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Section IV.


......Mighty years begun From their first orb-in radiant circles run!


Nothing is lasting on the world's wide stage,
As sung, and wisely sung, the Grecian sage;
And man who through the globe extends his sway,
Reigns but the sovereign creature of a day;
One generation comes, another goes,
Time blends the happy with the man of woes;
A different face of things each age appears,
And all things alter in a course of years.


The moralist has recommended stated times for the purposes of meditation. At such periods the faculties are awakened, and the soul is set in motion. Thus stimulated, the sluggish current of our thoughts becomes quickened, flowing on with an accelerated rapidity. Such is precisely our situation. The com mencement of a century, occurs not twice in our life. This is a serious consideration.-May it be rendered subservient to our moral improvement!

Standing as it were on an eminence, and looking around us, we find the new revolving century replete with important, though obvious, topics of instruction. The commencement of a century should suggest to us the inestimable value of our TIME.


Time was granted to man for his improvement. By the protraction of life opportunities are afforded for our progress in knowledge, virtue, and piety. We were not raised into being that we might be idle spectators of the objects with which we are surrounded. The situation in which we are placed demands

reiterated exertion. The sphere in which we move calls for the putting forth all the ability with which we may be endowed. Enquiries therefore should be made how improvements can be best effected, either in our individual, social, or public capacities. This conduct will reflect an honour on our rationality. This train of action will elevate us in the scale of being-impart a zest to our enjoyment, and prepare us for the honours of immortality! It is said, that the elder Cato repented of three things-one of which was his having spent a day without improvement.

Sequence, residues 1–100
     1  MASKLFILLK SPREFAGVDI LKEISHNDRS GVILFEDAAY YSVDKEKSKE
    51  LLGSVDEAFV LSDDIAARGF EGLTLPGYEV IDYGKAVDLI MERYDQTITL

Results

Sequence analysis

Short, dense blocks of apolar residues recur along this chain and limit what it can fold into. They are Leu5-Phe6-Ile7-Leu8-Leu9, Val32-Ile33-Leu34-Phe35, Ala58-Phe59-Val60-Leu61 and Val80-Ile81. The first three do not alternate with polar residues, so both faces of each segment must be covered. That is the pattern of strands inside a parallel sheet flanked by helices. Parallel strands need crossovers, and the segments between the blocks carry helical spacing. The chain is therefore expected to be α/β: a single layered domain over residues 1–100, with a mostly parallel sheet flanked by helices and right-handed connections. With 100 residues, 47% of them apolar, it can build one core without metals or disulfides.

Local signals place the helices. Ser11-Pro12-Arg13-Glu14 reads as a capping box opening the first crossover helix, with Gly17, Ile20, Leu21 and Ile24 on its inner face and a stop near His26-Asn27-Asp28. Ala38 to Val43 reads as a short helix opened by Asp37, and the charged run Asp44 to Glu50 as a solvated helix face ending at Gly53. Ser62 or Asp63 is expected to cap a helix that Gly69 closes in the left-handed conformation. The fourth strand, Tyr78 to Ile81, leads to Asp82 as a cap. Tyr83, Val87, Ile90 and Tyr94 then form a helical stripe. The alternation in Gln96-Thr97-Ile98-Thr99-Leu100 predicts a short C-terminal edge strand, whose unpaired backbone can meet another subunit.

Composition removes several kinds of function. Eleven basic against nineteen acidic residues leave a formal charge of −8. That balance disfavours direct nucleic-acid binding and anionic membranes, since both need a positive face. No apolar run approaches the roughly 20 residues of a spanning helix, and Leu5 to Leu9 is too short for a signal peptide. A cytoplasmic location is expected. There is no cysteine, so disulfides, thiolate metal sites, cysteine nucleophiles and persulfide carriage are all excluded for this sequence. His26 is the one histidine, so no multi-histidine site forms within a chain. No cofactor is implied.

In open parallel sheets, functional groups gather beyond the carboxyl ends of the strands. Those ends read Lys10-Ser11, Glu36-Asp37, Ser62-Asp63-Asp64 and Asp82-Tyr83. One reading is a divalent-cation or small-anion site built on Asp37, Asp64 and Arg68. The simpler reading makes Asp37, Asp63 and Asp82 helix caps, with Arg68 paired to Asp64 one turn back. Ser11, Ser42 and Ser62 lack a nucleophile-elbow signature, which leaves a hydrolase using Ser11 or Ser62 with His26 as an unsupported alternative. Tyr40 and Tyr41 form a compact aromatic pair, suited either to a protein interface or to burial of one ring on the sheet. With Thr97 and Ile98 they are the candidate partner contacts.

We cannot begin a century without being impressed with the vicissitude by which sublunary affairs are characterised.

Every thing around us in a state of constant fluctuation. Neither nature nor art continued long in one position. The heavens above us are in perpetual motion. The earth beneath us is ever changing its external appearance. The atmosphere around us is subject to incessant variations. Individuals, families, and nations, are altering their aspect, and assuming forms marked by strong traits of novelty. Not only opinions, but even long established customs at length lose their hold on the mind, and are shut out by practices of a directly opposite tendency. Thus are we whirled around in the vortex of life by incidents the most strange, and by events the most contrary to our expectation. Change, in its endless variety of shapes, presents itself, and we observe, with surprise, the effects produced by it, both in ourselves and in our friends with whom we are connected :

But sure to foreign climes we need not range,
Nor search the ancient records of our race,
To learn the dire effect of TIME and change,

Which, in ourselves, alas! we daily trace;
Yet, at the darkened eye, the withered face,
Or hoary hair I never will repine;

But spare, O TIME! whate'er of mental grace,

Of candour, love, or sympathy divine;

Whate'er of fancy's ray, or friendship's flame is mine.


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We should enter upon the new century with the pleasing idea that the progressive series of events tends to human improvement.

The light which broke out at the æra of the reformation, continues to send forth its rays, and will illuminate the most distant regions of the globe! The human faculties which had slumbered for ages, were then roused into action, and the discovery of the art of printing facilitated the spread of truth in districts whither its beams had not before penetrated. Since that illustrious period, science has lifted up her head -commerce has spread abroad her sails-and religion has unfolded prospects of futurity highly favourable to human felicity. Our ideas seem now to flow in channels which cannot easily be interrupted. More just views of the Supreme Being are entertained, and clearer notions indulged respecting the rights and pri vileges of humanity. Man will henceforward be come more sensible of his advantages, and will, it is to be hoped, convey them entire and unmutilated to their posterity. The benevolent of every class rejoice in the prospect. Feeling for his species, the good man will exult in the recollection, that the night of ig norance and misery is passing away, and that it will be assuredly lost in the full blaze of perfect day.